3. Keep three themes in your head before going in to each interview. I went to so many interviews that by the end of the day, I had trouble keeping it straight in my head what type of company I was interviewing with next. I’d have some notecards with me and sometimes, I’d only have time to look at who it was and what industry the company was in before having to start introducing myself. Before you do, take a deep breath and think of three points that you want to bring out in your interview. This will help set the frame of mind for how you want to position yourself. Hopefully, your preparation will bring out the details. So for example, if I was going into a sales interview with a medical device company, I would think to myself that I want to highlight my problem solving skills, my interest in technical systems, and my consultative leadership abilities. That way, as I go in, these thoughts will remind me of the stories or experiences I can think to bring up as the conversation continues.
4. Pack a soft cloth or shining wipes (you can pick them up at a department store) in your bag. In keeping with the first point, give your shoes a good wipe before the start of the day. Nothing ruins a suit like a scuffed shoe toe.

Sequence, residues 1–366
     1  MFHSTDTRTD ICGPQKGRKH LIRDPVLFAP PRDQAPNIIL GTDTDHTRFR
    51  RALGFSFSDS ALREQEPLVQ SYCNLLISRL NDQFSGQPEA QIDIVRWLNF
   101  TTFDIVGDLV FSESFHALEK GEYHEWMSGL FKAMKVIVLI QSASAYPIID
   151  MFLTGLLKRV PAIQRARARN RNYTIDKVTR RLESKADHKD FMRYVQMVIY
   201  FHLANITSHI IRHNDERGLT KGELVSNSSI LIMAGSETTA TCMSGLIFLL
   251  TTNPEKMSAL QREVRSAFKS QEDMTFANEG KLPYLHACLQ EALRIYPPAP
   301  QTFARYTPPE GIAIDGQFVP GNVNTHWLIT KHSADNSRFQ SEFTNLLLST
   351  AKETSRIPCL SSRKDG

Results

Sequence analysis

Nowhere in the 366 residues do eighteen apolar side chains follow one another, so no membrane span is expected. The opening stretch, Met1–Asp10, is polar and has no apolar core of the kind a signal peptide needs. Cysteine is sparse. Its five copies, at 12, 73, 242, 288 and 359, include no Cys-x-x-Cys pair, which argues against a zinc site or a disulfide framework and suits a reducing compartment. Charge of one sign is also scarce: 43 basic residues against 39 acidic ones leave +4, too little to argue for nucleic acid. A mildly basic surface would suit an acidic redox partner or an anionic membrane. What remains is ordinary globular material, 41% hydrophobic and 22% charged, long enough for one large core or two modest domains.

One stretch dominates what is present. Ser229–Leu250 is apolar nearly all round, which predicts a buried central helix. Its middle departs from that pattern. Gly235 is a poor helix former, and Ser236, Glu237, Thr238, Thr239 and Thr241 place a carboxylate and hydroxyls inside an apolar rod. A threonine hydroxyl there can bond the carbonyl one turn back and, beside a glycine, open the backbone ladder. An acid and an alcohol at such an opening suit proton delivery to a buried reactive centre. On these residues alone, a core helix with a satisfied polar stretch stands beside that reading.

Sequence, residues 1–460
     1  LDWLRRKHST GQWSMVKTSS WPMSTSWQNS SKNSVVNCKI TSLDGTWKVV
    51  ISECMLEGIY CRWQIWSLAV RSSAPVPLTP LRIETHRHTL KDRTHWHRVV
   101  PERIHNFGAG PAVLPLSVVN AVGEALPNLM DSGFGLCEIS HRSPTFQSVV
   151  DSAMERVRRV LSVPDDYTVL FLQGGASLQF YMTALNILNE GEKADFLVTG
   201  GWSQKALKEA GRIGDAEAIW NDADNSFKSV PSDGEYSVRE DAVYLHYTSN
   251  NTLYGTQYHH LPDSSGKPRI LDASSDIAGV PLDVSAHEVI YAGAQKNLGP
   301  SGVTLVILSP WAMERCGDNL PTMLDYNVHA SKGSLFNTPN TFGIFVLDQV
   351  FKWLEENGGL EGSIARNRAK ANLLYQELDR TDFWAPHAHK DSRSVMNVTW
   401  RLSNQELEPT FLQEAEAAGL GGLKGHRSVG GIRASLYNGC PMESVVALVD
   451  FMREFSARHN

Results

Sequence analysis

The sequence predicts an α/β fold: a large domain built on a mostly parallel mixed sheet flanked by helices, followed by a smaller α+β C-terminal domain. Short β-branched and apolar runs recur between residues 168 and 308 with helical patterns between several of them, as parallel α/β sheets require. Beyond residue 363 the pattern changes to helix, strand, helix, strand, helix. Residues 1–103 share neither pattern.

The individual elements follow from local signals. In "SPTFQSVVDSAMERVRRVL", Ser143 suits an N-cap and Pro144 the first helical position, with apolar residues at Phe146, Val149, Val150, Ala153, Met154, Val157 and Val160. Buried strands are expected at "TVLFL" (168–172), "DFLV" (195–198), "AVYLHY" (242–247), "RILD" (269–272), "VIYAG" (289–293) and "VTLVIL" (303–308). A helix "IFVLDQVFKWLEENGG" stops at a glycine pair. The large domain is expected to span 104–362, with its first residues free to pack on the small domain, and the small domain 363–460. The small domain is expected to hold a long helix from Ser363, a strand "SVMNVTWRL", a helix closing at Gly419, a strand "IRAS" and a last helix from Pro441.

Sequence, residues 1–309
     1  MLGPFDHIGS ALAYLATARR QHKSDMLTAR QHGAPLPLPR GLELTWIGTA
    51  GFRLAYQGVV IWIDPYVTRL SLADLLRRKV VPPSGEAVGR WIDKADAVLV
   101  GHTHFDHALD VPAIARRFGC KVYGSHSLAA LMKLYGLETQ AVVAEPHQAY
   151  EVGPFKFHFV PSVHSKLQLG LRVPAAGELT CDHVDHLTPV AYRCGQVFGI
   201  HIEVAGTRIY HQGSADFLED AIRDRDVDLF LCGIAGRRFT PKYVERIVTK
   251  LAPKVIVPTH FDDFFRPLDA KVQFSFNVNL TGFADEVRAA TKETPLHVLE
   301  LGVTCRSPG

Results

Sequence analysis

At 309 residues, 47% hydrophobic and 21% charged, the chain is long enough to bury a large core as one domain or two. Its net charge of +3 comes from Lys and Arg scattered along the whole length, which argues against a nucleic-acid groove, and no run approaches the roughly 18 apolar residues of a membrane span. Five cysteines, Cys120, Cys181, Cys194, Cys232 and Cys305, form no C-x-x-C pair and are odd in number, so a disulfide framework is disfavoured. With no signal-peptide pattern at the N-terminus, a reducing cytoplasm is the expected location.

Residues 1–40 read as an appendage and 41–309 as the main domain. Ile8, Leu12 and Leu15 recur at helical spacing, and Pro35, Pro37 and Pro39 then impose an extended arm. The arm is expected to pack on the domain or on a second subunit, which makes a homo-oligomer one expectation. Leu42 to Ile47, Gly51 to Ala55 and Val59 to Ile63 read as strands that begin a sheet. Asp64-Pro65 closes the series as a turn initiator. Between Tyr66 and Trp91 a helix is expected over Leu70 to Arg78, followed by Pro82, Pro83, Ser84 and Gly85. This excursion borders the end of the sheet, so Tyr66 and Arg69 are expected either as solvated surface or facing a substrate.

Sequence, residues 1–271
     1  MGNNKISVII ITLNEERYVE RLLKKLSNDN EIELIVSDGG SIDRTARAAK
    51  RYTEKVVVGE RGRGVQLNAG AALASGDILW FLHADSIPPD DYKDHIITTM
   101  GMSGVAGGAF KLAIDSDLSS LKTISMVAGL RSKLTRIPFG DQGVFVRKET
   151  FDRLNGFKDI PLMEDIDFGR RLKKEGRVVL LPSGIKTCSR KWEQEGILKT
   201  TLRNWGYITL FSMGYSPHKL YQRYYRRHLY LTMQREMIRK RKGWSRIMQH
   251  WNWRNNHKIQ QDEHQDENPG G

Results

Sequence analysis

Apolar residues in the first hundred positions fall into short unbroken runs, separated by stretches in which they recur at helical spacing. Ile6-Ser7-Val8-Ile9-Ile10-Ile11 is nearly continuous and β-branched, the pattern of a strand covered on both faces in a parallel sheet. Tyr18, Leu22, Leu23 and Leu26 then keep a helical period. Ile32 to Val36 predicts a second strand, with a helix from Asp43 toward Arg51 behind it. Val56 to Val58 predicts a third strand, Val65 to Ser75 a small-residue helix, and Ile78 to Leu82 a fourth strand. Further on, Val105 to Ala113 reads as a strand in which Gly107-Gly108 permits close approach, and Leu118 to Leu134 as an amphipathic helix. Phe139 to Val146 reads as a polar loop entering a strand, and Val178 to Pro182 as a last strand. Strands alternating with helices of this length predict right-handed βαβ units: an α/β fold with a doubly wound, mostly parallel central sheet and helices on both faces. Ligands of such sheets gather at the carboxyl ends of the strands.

5. Don’t wear a watch. This is a personal preference, but I’m picky about matching my watch to what I wear (if you haven’t noticed, I’m picky about clothes), so that’s one less thing I want to worry about. I carry my phone with me, so I use the clock off of that to keep me on schedule between interviews. I also don’t want the temptation of checking it mid-interview, giving off the impression that I’m disinterested. The interviewers are on their own schedule, as well, so they will keep track of time. At a conference, you’ll be OK to be late to the next interview if your previous one went long. You don’t need to worry about it during one.
6. Always close. Finish each interview saying that you are interested and why, preferably with something that was brought up during your conversation. Thank the interviewers for their time and explain how you see yourself excited to apply your skills to the position. It doesn’t matter if you have doubts about the position for yourself — at this time, you want options, not rejections.